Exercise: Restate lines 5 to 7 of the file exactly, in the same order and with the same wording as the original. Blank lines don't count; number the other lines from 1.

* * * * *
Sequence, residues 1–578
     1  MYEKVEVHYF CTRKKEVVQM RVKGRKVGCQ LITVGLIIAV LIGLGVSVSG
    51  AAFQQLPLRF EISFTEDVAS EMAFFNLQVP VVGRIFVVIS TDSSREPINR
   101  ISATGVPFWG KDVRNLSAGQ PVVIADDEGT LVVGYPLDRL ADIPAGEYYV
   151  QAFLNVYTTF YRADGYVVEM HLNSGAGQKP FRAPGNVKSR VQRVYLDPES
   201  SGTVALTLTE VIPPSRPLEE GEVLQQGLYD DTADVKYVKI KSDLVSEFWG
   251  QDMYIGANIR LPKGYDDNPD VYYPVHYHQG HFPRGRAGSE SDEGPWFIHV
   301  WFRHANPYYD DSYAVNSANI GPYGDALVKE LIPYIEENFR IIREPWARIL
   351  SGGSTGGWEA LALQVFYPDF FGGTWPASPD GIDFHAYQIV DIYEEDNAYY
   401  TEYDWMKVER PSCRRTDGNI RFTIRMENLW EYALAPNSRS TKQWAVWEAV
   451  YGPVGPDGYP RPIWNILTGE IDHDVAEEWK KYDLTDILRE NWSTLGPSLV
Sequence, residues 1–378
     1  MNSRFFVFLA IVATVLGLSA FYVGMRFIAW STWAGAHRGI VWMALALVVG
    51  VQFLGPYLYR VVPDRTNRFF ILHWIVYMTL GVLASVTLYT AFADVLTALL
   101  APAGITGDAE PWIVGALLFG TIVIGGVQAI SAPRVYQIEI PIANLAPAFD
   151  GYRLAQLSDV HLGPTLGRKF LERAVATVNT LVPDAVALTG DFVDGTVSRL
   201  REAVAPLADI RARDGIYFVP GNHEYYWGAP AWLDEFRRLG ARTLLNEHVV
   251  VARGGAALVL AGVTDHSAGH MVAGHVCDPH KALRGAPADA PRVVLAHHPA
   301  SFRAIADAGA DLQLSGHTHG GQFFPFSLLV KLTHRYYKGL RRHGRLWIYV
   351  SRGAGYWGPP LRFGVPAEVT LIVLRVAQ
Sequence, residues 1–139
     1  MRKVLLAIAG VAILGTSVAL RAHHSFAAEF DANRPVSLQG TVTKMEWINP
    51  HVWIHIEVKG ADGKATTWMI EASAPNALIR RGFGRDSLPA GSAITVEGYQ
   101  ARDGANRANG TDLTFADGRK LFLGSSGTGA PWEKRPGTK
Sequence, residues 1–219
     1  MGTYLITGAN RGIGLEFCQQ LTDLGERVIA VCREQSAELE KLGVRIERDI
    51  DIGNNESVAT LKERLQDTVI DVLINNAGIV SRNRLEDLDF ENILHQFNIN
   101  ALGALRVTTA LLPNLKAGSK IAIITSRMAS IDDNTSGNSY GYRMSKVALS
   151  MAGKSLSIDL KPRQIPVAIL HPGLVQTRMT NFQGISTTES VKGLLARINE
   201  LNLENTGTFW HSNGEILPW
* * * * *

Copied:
   151  QAFLNVYTTF YRADGYVVEM HLNSGAGQKP FRAPGNVKSR VQRVYLDPES
   201  SGTVALTLTE VIPPSRPLEE GEVLQQGLYD DTADVKYVKI KSDLVSEFWG
   251  QDMYIGANIR LPKGYDDNPD VYYPVHYHQG HFPRGRAGSE SDEGPWFIHV